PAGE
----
18 Charles A. Wright et al., Federal Practice and Procedure § 4462 at 550-51 (1981) (footnotes omitted).
While the bankruptcy court did not discuss the above considerations before applying preclusion by succession, the balance tips in favor of the Trustee's expectations against relitigation of this issue. First, preclusion by succession is appropriate because the Blinder Trust received the $400,000 transfer on February 10, 1992, after the court had entered final judgment in the Alter Ego Action and after it had specifically restrained any transfers from the Lillian Blinder Trust. Second, the purpose of the Alter Ego Action was to determine which parties, the Trustee or Meyer and Lillian Blinder, were entitled to certain assets. Taking place in the context of an adversary proceeding in bankruptcy, the Trustee could reasonably expect that the court's ruling in the Alter Ego Action would protect the estate from future litigation by parties, such as the Blinder, who later asserted an interest in those assets. Finally, it would take a stretch of the imagination to hold that reasonable persons in the Blinders' position would not be put on guard that postpetition transfers from a debtor's principals might be subject to bankruptcy court limitations. The Blinders were clearly aware that Meyer and Lillian were operating under the bankruptcy court's restrictions when they loaned the couple $400,000 to cover their legal expenses. (See R.Doc. 88, Ex. A, ¶ 15, 16; id., Ex. B, ¶ 13, 14.)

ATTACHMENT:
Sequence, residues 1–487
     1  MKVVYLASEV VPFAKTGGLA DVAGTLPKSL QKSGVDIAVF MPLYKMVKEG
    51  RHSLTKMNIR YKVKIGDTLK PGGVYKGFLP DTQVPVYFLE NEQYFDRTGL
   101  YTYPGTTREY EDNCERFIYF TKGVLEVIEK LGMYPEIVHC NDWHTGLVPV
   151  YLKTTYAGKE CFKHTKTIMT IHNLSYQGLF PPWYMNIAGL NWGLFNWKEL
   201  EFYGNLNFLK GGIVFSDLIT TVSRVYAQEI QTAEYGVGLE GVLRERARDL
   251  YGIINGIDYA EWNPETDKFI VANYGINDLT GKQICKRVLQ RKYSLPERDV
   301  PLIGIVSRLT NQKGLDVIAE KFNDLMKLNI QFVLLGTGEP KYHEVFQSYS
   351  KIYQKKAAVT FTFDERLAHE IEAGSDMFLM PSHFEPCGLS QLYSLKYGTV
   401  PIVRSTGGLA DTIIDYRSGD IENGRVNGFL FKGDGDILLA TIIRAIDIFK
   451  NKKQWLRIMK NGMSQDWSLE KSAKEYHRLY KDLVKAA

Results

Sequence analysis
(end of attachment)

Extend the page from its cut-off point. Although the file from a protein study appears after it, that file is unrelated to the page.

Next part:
For these reasons the bankruptcy court properly held that its ruling in the Alter Ego Action had preclusive effect on the Blinders, even though they were non-parties. This also mandates the conclusion that the Blinders may not challenge the January 10 judgment as void for the Trustee's failure to obtain personal jurisdiction over the Lillian Blinder Trust, see 18 Charles A. Wright et. al., supra § 4430 at 291-94, or for his alleged lack of standing, see id. § 4428 at 282 ("it seems clear that federal court judgments are binding notwithstanding a simple lack of subject matter jurisdiction, without regard to whether the jurisdictional question was litigated"); Libby Rod & Gun Club v. Moraski, 519 F. Supp. 643, 646 (D.Mont.1991).